نتیجه گیری انگلیسی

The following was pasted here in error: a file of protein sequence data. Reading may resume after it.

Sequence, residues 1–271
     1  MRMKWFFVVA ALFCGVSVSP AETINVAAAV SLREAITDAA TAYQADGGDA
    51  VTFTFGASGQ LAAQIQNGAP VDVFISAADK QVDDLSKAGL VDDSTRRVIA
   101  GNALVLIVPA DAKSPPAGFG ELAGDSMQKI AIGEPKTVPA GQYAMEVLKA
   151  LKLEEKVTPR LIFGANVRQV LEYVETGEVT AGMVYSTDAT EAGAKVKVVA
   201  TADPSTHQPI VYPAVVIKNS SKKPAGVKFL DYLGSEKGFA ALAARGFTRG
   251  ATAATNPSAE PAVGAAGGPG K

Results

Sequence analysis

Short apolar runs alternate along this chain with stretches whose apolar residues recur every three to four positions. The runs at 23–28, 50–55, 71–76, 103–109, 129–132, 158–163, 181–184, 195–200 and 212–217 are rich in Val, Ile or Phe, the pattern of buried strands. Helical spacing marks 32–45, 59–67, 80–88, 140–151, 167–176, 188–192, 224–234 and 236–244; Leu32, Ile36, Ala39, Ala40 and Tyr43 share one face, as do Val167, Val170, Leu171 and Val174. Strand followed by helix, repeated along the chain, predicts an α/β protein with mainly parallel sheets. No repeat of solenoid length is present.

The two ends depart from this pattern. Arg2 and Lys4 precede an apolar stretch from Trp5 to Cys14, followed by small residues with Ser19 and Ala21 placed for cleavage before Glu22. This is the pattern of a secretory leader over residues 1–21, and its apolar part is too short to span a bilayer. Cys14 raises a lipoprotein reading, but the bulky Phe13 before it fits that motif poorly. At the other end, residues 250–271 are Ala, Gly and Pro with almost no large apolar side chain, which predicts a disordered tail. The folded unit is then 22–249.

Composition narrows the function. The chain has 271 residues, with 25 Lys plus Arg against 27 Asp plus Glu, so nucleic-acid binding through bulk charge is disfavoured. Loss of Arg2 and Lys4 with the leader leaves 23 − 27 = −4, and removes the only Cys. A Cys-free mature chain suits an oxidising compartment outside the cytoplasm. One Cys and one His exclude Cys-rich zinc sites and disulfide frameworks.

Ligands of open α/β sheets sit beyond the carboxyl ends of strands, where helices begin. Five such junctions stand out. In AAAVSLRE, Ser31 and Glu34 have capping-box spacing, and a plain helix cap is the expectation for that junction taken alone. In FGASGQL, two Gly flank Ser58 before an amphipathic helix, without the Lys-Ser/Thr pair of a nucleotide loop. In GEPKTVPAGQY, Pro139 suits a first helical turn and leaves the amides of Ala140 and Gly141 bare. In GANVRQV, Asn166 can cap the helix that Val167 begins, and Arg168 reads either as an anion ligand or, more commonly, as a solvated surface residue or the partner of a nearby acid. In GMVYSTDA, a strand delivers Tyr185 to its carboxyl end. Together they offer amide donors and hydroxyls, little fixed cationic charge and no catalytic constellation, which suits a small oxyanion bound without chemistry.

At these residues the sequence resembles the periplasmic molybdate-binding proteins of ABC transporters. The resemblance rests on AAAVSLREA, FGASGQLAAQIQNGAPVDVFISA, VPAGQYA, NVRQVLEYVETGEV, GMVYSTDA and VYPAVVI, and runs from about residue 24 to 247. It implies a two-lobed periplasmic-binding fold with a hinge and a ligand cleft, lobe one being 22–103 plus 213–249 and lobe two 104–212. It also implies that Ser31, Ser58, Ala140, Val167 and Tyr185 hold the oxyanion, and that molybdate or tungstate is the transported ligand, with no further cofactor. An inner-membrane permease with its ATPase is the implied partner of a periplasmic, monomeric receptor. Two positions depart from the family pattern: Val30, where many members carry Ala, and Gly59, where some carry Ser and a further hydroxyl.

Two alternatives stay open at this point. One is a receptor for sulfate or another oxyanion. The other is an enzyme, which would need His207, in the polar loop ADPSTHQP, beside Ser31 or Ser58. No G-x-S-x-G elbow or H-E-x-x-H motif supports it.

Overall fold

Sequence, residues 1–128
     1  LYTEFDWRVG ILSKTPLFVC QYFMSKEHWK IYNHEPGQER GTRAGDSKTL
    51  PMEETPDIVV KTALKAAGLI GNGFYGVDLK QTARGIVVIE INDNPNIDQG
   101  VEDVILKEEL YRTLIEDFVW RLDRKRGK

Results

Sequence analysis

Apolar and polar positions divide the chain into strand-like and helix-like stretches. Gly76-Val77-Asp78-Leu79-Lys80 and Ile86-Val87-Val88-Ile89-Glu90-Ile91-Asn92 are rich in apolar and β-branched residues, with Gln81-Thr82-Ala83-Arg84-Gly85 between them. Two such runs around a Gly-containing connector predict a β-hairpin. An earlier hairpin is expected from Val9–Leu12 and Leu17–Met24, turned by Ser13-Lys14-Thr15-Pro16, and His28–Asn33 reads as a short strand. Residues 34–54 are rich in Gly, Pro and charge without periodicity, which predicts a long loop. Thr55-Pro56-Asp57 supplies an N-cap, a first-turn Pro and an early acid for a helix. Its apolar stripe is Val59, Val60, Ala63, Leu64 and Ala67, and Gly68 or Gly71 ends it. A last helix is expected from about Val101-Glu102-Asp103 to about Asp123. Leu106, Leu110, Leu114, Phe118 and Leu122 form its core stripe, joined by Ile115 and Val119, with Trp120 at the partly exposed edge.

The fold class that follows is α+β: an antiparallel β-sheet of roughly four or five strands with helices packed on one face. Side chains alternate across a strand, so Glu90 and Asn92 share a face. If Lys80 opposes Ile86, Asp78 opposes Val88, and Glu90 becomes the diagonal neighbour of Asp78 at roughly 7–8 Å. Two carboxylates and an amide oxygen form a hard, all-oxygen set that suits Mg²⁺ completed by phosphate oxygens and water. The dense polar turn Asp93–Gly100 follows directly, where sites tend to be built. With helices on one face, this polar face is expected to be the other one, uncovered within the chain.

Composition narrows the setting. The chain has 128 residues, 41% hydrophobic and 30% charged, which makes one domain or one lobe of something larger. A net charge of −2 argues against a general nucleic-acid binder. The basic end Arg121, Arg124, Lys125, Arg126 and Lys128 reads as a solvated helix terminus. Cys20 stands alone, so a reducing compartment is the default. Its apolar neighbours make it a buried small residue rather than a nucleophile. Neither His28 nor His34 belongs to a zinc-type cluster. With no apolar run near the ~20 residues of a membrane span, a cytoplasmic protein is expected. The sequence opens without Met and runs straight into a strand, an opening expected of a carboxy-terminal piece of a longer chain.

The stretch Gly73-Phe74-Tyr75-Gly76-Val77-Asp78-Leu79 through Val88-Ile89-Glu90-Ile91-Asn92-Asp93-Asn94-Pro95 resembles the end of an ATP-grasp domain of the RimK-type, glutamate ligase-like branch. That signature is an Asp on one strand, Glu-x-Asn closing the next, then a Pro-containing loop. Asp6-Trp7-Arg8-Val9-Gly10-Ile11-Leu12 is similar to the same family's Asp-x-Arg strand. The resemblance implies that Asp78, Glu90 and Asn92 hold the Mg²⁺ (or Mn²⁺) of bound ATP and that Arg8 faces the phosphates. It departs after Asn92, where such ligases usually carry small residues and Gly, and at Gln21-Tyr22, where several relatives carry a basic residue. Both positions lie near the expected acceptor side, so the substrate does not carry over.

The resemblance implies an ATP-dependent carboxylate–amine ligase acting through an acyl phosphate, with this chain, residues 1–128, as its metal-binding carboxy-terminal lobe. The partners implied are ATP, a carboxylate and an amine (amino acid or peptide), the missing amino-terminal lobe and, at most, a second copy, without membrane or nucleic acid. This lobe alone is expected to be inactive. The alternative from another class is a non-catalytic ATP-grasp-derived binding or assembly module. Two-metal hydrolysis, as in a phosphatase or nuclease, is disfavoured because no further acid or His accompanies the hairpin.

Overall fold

This paper investigates institutional and individual investors' trading behaviour by testing for the presence of herding on the Polish stock market from July 1996 to November 2000. In order to distinguish between individuals and institutions, we examine two trading platforms separately where stocks can be traded in a single-price call auction and a continuous system. While the former is dominated by individuals (Madhavan, 1992), institutions prefer the continuous system (Kyle, 1985). A further mechanism to differentiate between individuals and institutions is market capitalisation (Falkenstein, 1996). We therefore conduct the analysis by size portfolio for either trading platform. Our findings suggest that individual investors exhibit herding during market downswings and, to a lesser extent, also in market upswings, while institutions do not engage in flocking together regardless of the state of the market. This implies that individuals' investment decisions are prone to sentiment during market stress, while they mostly trust their beliefs and information when stock prices rise. Moreover, Polish institutions trading in the continuous system appear to be as experienced as investors on mature markets, and the information flows on the Polish stock market seem as smooth as on mature markets. Our insights imply for investments in stocks primarily traded by individuals that a larger number of stocks is necessary than in a market that is dominated by experienced institutional investors in order to achieve the same level of diversification (Chang et al., 2000). In a market with herding, asset prices are more strongly correlated than in a market without imitating trading activities. As a result of this raised return correlation, investors need more stocks for the same level of diversification as in a scenario without herding. The empirical evidence further suggests that the trading patterns differ between individuals and institutions across the sample period, with individuals being particularly prone to sentiment-driven investment decisions when the market return declines. This could be attributed to the Polish stock market being an emerging capital market throughout the period under investigation. During more favourable market phases, however, individuals' trading behaviour exhibits less herding and is more likely to result in market outcomes consistent with the predictions of rational asset pricing models. Lastly, having identified a tendency towards diminishing herd behaviour by individuals, and in light of the lack of evidence in favour of herding among institutions, we conclude that the Polish stock market has become more efficient throughout the sample period. Institutional arrangements such as trading systems or legal regulations that foster smooth information flows aid especially individuals in investment behaviour that is consistent with rational asset pricing models. The main contribution of this paper is in demonstrating that the microstructure of the markets can be combined with an established methodology utilising easily obtainable daily price data, which makes it possible to analyse investor behaviour in exceptional depth. The empirical evidence from a new market reported here allows us to extend the notion of Griffin et al. (2003): not only is the nature of herding different across countries and exchanges, it can differ across trading platforms of one stock exchange, too.